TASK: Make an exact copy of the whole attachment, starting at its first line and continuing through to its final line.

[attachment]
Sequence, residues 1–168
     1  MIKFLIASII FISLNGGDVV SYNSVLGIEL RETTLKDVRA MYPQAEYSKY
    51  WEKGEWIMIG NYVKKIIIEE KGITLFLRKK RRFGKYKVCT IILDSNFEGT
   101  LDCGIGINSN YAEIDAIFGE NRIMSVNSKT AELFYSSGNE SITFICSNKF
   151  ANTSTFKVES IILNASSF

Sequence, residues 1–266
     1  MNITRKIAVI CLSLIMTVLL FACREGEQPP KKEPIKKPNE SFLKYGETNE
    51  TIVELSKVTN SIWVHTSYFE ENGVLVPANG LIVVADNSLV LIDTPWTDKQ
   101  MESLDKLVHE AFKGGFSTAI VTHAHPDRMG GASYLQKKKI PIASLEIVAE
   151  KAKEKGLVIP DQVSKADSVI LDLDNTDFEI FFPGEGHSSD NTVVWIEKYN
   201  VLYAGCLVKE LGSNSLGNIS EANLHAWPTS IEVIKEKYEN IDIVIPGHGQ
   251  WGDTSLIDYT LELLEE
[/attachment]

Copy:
Sequence, residues 1–168
     1  MIKFLIASII FISLNGGDVV SYNSVLGIEL RETTLKDVRA MYPQAEYSKY
    51  WEKGEWIMIG NYVKKIIIEE KGITLFLRKK RRFGKYKVCT IILDSNFEGT
   101  LDCGIGINSN YAEIDAIFGE NRIMSVNSKT AELFYSSGNE SITFICSNKF
   151  ANTSTFKVES IILNASSF

Sequence, residues 1–266
     1  MNITRKIAVI CLSLIMTVLL FACREGEQPP KKEPIKKPNE SFLKYGETNE
    51  TIVELSKVTN SIWVHTSYFE ENGVLVPANG LIVVADNSLV LIDTPWTDKQ
   101  MESLDKLVHE AFKGGFSTAI VTHAHPDRMG GASYLQKKKI PIASLEIVAE
   151  KAKEKGLVIP DQVSKADSVI LDLDNTDFEI FFPGEGHSSD NTVVWIEKYN
   201  VLYAGCLVKE LGSNSLGNIS EANLHAWPTS IEVIKEKYEN IDIVIPGHGQ
   251  WGDTSLIDYT LELLEE